Points of Interest

Hale Farm and Village (Point 1)

 

 

In 1810, Jonathan Hale, a farmer from Glastonbury Connecticut, arrived in the Western Reserve. In 1825, Hale began constructing a three-story red brick house using materials from his property. At the time of completion, this was one of only two brick homes in the Cuyahoga Valley. Today, Hale Farm is an outdoor living history museum that depicts rural life in the Western Reserve of Northeast Ohio from 1825 to 1850. Guides in period clothing interpret the Village's relocated and restored buildings while craftsmen demonstrate period trades.

 

 

Ira Cemetery (Point 2)

 

 

This cemetery, established in 1829, is also known as the Hale-Hammond-Cranz Cemetery.  The earliest known burial is 1812, and the earliest veteran burial is Jason Hammond, a private in the Connecticut Militia during the Revolutionary War. In addition to the Hale, Hammond, and Cranz families, other burials include unmarked graves of Irish men who worked on building the Ohio and Erie Canal.

 

O'Neil Woods Metro Park (Near Points 1 & 2)

 

 

This 295 acre former farm was donated to the Summit County Metro Parks by the William O'Neil family in 1972. With its challenging trails, the park provides scenic views of the Cuyahoga River Valley.

 

 

Hammond-Cranz Farm (Near Points 1 & 2)

 

 

This was first built in 1818 then expanded in 1836. Cranz purchased the property in 1863. This land is now part of the Cuyahoga Valley National Park and has been on the National Register of Historic Places since 1993.

 

 

East Bath Cemetery (Point 3)

 

 

This cemetery, established in 1861, contains gravesites from the late 19th century, including Civil War Veterans and the Cover, Bennage, and Harris families.

 

 

Whitcraft Store (Point 5)

 

 

This important store in the community burned to the ground and was rebuilt in 1912. Whitcraft was the 2nd largest general store in the state.

 

 

Historic Bath Town Hall (Point 6)

 

 

The Town Hall was built in 1905, with the Bath Center Cemetery preceding it in establishment in 1813. The land for the meeting house and gravesites was sold to Bath Township by Ezekial and Abby Williams on October 7th, 1817. The Town Hall was built in 1905 with a $25,000 bond, and now holds the Bath Township Historical Society Museum.

 

 

Bath United Church of Christ (Point 9)

 

 

In 1818, a group of early settlers built a log church on the site of the present Bath Historic Town Hall. In 1842, they built a frame church which was moved twice to its ultimate location on West Bath Road. The historic chapel at Bath Church is the original building from 1834.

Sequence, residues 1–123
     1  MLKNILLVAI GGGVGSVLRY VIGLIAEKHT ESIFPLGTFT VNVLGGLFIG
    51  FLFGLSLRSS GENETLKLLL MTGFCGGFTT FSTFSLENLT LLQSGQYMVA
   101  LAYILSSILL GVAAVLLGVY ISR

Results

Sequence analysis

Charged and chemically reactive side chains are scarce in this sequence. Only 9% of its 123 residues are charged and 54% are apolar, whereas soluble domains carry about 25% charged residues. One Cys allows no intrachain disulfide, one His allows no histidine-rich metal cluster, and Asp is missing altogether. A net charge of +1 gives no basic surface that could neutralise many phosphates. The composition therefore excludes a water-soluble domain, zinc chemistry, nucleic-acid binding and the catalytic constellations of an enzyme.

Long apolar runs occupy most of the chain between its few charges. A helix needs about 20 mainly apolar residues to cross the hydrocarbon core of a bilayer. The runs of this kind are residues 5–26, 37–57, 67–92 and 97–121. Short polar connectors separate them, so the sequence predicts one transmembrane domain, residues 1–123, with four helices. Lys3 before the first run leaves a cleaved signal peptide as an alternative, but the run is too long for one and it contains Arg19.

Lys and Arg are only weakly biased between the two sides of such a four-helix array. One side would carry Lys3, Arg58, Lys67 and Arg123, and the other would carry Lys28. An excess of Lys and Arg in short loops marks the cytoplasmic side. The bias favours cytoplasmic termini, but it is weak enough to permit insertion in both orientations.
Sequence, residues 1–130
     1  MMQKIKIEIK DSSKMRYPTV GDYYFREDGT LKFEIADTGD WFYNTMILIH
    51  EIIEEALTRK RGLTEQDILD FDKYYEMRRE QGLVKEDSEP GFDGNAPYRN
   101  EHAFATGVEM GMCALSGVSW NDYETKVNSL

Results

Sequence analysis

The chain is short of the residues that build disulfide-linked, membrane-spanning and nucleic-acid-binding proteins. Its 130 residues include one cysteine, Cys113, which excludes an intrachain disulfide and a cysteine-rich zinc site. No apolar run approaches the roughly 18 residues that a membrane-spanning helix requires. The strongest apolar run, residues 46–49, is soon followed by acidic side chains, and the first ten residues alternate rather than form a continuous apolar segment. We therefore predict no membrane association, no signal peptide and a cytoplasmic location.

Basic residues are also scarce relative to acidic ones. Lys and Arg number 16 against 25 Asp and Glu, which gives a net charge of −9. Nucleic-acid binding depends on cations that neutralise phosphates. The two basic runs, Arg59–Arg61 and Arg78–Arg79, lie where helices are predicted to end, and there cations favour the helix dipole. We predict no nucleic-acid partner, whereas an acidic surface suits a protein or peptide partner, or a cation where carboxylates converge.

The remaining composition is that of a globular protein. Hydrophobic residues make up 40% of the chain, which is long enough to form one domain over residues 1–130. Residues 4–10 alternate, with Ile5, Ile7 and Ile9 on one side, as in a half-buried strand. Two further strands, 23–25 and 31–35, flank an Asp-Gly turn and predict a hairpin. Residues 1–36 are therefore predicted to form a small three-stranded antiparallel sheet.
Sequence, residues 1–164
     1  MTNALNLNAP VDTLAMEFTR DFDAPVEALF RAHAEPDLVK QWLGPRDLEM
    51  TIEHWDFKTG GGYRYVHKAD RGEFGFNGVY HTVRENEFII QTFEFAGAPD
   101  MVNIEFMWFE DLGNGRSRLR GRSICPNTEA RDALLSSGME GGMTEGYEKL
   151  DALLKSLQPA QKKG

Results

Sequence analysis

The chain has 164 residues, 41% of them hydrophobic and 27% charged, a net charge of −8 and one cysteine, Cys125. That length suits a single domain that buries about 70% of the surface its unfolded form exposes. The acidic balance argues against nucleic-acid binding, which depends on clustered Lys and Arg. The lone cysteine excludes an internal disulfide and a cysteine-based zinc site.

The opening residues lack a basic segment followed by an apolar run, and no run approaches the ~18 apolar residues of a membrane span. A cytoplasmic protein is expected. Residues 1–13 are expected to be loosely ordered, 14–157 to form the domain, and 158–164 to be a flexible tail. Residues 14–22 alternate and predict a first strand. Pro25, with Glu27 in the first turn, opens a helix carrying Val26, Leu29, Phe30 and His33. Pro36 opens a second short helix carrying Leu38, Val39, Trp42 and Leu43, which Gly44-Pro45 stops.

Thomas Pierson House (Points 10 & 11)

 

 

Home of the Bake Shop in Ghent, this was built around 1837 with an Octagon Bee House and a barn constructed in 1893. The building is owned by Mary Ann Fulton Krejci, whose parents were dairy farmers on Yellow Creek Road. The Octagon Bee House was Thomas Pierson's aviary where he kept his bees. A. I. Root of Medina learned bee keeping from Thomas Pierson. It is thought to be the only structure of its kind in the country at the time.

 

 

Stony Hill Schoolhouse (Point 15)

 

 

This schoolhouse, number 12, was established in 1892. This was one of nine in Bath Township and was used until 1921. Stony Hill is owned and maintained by the Bath Township Historical Society.

 

 

Moore's Chapel Cemetery (Point 16)

 

 

Originally the Shaw Family Cemetery, the grounds were donated to Bath township 1836. Additional land was purchased from the Shaws by the township in 1892 for $50,000. Burials include veterans of the American Revolution, the War of 1812, and the Civil War.

 

 

Ghent Historic District (Near Points 10-14)

 

 

Named for the Treaty of Ghent, Belgium by here pronounced with a soft 'G'. Ghent became a hamlet around 1815 as settlers clustered around Yellow Creek with its mills, general store, and related economic enterprises. Since 2010, the area is a designated historic district boasting many original structures.

 

 

 

Bath Nature Preserve (4160 Ira Road)

 

 

This 404 acre preserve was part of the estate of Raymond Firestone and the  site of the West County Beagles fox hunts. Purchased by Bath Township in 1998, it has become a popular hiking destination for area residents.

 

 

Crown Point Ecology Center (3220 Ira Road)

 

 

This 130 acre organic farm was originally owned by early Bath resident Jason Hammond. The  Crown Point mission is to be a role model for food security through farm stewardship, advocacy, education, and collaboration. Visitors are welcome.

 

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